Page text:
Israeli authorities in the Golan Heights have launched a campaign urging local residents to donate toys, games, and clothes to displaced Syrians near the northern border who fled bombardment by Syrian government forces.
On Friday, the Israeli military announced it had provided several tons of humanitarian aid to southwestern Syria, but would not be accepting the tens of thousands of refugees from the area who had begun streaming toward the Israeli border.
The operation lasted “several hours,” the army said, and some 300 tents, 13 tons of food, 15 tons of baby food, three pallets of medical supplies, and 30 tons of clothes and shoes were delivered to the refugees.
“The refugees arrived with no basic equipment for dignified living,” Eli Malka, head of the Golan Regional Council, said in a statement on Sunday night. “Alongside the IDF’s humanitarian activities in recent days, I have ordered the opening of a center for collecting supplementary equipment, to let the refugees live in a humane way.”
Malka said the collection will take place in the coming days in the various Golan Heights communities, after which the items will be transferred to the military and eventually to the Syrians.
“We would be glad for every family to prepare a sealed bag for a Syrian child with small games and toys, drawing paper, crayons and non-melting candy, to give them a moment of sweet, innocent joy,” Malka said.
A flier sent to Golan residents listed more items that could be donated, such as shoes and sandals, clothes for boys and men, baby bottles, pacifiers, pots, pans, and bottles of mineral water.
The pamphlet also asked for toys in the form of dolls, stuffed animals, and cars, stating that “the goal is for every kid/refugee to have a comforting item.”
Since the renewed attacks by pro-regime forces began earlier this month in the Daraa province, tens of thousands of Syrian civilians have been streaming to the nearby Israeli and Jordanian borders, seeking refuge.
A number of camps have been set up in the area, but these generally lack access to fresh water, electricity, and other basic needs. In many cases, these camps are overflowing, and do not have sufficient shelters. Some Syrians are reportedly sleeping outside at night.
“These are our neighbors and we regard it as a mitzvah [Jewish religious duty] to help them in their time of need,” Malka said.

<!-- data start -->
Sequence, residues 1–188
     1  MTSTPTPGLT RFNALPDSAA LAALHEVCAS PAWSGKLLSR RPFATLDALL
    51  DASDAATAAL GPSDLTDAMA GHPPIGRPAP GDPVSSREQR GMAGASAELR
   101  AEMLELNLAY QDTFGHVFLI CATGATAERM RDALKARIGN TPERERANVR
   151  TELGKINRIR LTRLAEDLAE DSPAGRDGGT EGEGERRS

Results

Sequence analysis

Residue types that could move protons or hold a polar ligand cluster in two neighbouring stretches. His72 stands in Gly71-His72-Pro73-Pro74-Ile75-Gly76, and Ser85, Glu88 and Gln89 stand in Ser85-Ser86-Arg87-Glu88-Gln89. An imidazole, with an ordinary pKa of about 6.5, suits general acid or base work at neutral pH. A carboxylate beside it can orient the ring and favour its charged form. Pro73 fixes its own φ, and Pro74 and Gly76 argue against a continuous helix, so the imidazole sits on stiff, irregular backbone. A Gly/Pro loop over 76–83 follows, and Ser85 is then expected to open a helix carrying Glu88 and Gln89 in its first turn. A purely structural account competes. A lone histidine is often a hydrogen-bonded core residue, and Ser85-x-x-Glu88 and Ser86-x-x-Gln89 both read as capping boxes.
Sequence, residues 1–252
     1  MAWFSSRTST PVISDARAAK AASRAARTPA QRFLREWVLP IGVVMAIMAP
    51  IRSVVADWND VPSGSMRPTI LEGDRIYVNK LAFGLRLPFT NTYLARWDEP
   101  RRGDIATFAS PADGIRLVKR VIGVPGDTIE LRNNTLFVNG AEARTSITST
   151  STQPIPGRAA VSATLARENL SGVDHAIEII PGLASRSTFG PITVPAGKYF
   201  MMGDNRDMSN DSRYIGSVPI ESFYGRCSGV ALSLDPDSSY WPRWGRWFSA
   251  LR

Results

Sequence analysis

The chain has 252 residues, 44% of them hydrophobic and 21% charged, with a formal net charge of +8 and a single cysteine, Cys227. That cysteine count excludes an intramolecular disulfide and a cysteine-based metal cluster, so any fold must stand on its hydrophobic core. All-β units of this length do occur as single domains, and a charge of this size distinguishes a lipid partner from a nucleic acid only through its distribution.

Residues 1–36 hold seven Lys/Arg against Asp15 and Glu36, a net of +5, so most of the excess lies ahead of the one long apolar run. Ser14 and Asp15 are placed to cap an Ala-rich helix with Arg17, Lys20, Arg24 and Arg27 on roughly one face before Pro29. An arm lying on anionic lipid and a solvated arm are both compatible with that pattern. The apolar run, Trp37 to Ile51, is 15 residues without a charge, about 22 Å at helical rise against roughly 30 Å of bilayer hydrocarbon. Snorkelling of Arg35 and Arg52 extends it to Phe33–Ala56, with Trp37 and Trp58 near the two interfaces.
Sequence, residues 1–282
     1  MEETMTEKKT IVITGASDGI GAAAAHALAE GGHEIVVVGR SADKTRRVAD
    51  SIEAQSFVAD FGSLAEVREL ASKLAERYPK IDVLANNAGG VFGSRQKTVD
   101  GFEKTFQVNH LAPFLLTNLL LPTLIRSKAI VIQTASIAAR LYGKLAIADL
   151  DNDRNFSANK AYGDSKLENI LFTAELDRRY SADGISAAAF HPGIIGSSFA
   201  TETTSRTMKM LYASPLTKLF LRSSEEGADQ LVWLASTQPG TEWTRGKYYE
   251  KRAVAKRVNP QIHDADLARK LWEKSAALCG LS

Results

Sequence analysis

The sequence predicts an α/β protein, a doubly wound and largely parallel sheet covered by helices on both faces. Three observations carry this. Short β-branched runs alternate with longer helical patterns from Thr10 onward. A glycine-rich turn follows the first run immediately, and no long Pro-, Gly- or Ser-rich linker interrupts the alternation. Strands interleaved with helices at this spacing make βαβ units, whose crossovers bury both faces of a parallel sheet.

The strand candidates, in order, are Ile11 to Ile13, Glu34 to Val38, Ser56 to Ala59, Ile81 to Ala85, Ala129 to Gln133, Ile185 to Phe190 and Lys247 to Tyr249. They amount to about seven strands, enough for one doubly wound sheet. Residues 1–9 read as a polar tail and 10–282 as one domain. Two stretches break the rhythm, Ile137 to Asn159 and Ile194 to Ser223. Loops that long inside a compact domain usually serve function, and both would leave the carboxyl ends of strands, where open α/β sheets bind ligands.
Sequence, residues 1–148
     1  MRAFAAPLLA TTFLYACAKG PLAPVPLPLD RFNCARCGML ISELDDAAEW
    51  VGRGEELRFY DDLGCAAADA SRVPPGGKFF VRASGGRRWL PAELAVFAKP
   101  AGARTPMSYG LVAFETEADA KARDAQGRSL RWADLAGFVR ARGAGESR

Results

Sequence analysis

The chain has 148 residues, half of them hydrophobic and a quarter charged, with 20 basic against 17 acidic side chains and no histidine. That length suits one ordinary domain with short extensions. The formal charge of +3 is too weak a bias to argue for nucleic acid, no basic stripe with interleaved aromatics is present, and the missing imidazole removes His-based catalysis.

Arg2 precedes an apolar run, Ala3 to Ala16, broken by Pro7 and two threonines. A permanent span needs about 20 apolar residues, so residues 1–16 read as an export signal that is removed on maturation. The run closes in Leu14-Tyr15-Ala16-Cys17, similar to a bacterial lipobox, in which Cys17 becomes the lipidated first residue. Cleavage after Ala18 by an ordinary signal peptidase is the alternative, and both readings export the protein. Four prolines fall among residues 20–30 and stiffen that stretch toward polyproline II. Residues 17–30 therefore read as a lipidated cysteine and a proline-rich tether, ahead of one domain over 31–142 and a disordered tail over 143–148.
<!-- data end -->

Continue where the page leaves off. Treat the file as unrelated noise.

On Friday night, the IDF brought six wounded Syrian nationals, four of them reportedly newly orphaned children, into the country for treatment in a local hospital, in a “unique and complex medical operation,” the army said.
The six Syrians were among those injured in Syrian dictator Bashar Assad’s renewed offensive against the remaining rebel holdouts in southwestern Syria. Earlier on Friday evening, local leaders in the area made contact with Israel in order to transfer the injured, the Israel Defense Forces said on Saturday night.
Defense Minister Avigdor Liberman said following the aid operation that Israel was “prepared to provide any humanitarian assistance to civilians, women, and children,” but stressed that “we will not accept any Syrian refugees into our territory.”
Israel and Syria technically remain at war.
The army said it shipped the supplies to four camps simultaneously in the southern and central Syrian Golan Heights.
“In these camps, located near the border, there are several thousand Syrians living in deteriorating conditions, without access to water, electricity, food sources, or basic necessities. In recent days, there’s been an increase in the number of Syrians living in these camps,” the IDF said.
Signaling that the humanitarian crisis is likely to deepen, UN officials said that because of the fighting, no aid has entered from Jordan to reach the estimated 50,000 people displaced since Tuesday. Jordan, which is already hosting 660,000 registered refugees, says it cannot accept any more and has sealed its border, despite appeals from aid groups.
Israel has been providing aid to southwestern Syria since 2013, including treating chronically ill children who have no access to hospitals, facilitating the construction of clinics in Syria, and supplying hundreds of tons of food, medicine, and clothing to war-ravaged villages across the border.
Judah Ari Gross and AP contributed to this report.